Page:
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Tuesday, June 28, 2016

Medical Clerk's Battle Gear

I was once a medical clerk 5 years ago, and this friday, a new batch of medical clerks or should I call Junior Interns will be rotating in the hospital.

First of all, welcome to the new junior intern, if you're a junior intern reading this post.  You feel so excited that after 3 years of reading and studying in medical school, you can now apply all the theoretical information in medical school.  Everybody will look up to you, since you're a senior when you were in 3rd year, and all the medical students will look up to you now that you are a junior intern.

To start off, I'll be putting up a disclaimer.  The tips that you will find in this post are all my personal opinions that you may need in your clerkship.  You would likely benefit from this post if you're a Thomasian, since I had my clerkship/Junior Internship in UST.

Let's start of with your battle gear:

  1. Have a decent stethoscope 
This is one of the fundamentals of being a junior intern, so INVEST on it, meaning, buy a quality grade stethoscope.  Of course having the brand of stethoscope depends on your personality.  If you're the type of person who loses a lot of things frequently then I would recommend you get NOT a Littman stethoscope.

If you're the type who takes time before you'll lose something or you never loses things, then I recommend you get a standard Classic Littmann Stethoscope. 
Personalise your stethoscope, there's a man who goes around hospitals who can engrave your name into your stethoscope and that's great since most of you will have the same color etc.  You can also place any accessory into your stethoscope so you will not lose it.

2. Sphygmomanometer 
A great part of your junior internship life will be on measuring blood pressure (BP) of your patients. Buy something you can carry around with you.  You can buy the usual sphygmomanometers in Bambang.  No need to buy the expensive one.  Have it calibrated in Bambang when you buy one.

3. Pulse Oximeter
When we were junior interns before, we were required to just have 1 in a duty group, but I think this is one of the basics at present. You can buy in Bambang, if you can't go to Bambang, you can order at MD Gadgets

4. Thermometer
There are different types of thermometer, there's the axillary thermometer, which is the cheapest, and which I recommend as well.  They come in different kinds, choose the 1 minute thermometer since you need to work fast in monitoring all your patients.

There's also the infrared ear thermometer which is more expensive.  I don't recommend using the infrared ear thermometer unless you're the type of person who never lose anything.  In the hospital, when there's a "code blue", then you have to drop whatever you're doing and go respond to a patient and do chest compressions (CPR) to a patient. You can forget your things and you might lose them.

5. Med Bag
This is where you will put all your equipments, you can either have a waist bag or a shoulder bag.  It's very popular in Bambang to have the black OB bag, but in my experience, I only used it during the first day and during revalida.  That's the bag where I put all of my medical supplies.  The first three are the very basic things, you'll be needing them in ALL rotations. Choosing the right bag depends on your personality/preference.  I first started using the waist bag, the Le Sport Sac replica, because I find it lightweight and many things I can put in that bag, but over time the waist gave some sort of strain to my lower bag due to the heavy weight.  So eventually I switched to a shoulder bag, at around last 3-4 rotations.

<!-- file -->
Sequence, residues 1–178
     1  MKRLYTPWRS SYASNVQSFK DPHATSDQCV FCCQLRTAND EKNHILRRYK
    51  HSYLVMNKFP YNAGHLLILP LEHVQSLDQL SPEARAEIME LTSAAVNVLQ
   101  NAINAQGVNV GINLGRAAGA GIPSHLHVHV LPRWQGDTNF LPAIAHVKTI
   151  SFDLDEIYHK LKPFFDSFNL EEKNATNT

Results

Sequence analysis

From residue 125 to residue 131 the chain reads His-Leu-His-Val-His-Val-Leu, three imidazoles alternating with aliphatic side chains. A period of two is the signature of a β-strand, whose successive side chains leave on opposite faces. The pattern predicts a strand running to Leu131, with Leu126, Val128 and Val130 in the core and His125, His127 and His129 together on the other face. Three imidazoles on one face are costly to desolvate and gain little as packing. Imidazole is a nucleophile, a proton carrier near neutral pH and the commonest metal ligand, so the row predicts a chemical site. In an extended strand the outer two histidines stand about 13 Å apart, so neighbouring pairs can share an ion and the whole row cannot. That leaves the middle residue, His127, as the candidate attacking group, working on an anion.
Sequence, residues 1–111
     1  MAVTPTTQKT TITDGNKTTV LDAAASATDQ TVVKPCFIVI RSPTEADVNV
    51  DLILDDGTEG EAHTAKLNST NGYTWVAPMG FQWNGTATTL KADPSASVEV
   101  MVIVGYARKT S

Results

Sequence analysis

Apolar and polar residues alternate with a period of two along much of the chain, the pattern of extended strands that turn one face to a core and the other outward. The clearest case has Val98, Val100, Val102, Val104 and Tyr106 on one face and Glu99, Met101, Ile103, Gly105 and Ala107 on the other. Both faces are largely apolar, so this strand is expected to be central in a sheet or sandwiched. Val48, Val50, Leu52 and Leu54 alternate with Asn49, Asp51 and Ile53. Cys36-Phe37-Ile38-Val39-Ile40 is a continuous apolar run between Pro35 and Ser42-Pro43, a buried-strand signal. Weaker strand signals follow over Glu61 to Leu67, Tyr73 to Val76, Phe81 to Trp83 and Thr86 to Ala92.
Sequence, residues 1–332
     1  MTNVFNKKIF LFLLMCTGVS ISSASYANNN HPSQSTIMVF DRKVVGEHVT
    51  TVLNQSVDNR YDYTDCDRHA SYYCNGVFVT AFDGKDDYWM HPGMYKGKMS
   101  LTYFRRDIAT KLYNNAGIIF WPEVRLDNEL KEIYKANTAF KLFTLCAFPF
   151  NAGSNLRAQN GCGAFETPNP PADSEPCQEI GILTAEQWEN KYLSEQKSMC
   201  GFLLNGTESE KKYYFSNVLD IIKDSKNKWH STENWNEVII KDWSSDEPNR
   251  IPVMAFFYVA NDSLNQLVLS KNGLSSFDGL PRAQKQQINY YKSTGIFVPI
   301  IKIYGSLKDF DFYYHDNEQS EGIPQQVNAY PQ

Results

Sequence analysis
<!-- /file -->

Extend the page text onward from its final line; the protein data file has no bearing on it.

6. Special Equipments
Here are some of the supplies you'll need in certain rotations.  Meaning, it's ideal to have them all, but if you could borrow, I think it's cheaper that way.

You should have a sterile tongue depressor in your med bag, just in case you have a patient that you'll have to check their mouth.  Have tuning fork at hand. It's recommended that you have Diagnostic Set within your reach, to check for the ears and nose.  I recommend the Welch Allyn Diagnostic Set since it's more durable than the other brands, although pricier than the other brands.  I would recommend you borrow this diagnostic set, if you're not planning on going to ENT, Paediatrics specialty.

This is one of the major rotations, you should have a mini notebook with you to list down the things that you have to do and to write notes on the lectures of your consultants and residents.  Have a reflex hammer &  penlight at hand, just in case you need it.

This is also one of the major rotations, and you'll be needing a lot of special supplies here since your patients are children.  Have a paediatric BP cuff, penlight at hand.  Bring lots of bling-bling and put it in your stethoscope, so that children can play with them while you examine the patient.  Have some candies in your pockets as well to give to the children.  If you're at the pedia OPD, have mask always, those kids are highly contagious!

Have clean gloves always at hand, because you'll never know when will be the next time that you have to hold a wound or any trauma patient.  Have a penlight at hand to check for the pupillary reflex and GCS of your neurosurgery patients.

It's important you have a good quality stethoscope so you can listen to fetal heart sounds.

This is one toxic rotation, since your patients are toxic as well.  Bring your tuning fork, reflex hammer, mini snellen's chart, penlight, coffee granules, cigarette stick, vinegar (to check for the senses).

Mini snellen chart, penlight

This are the things I could think of as of now, just comment down below if I forget anything or any rotation I failed to mention.

Enjoy your clerkship/junior internship!

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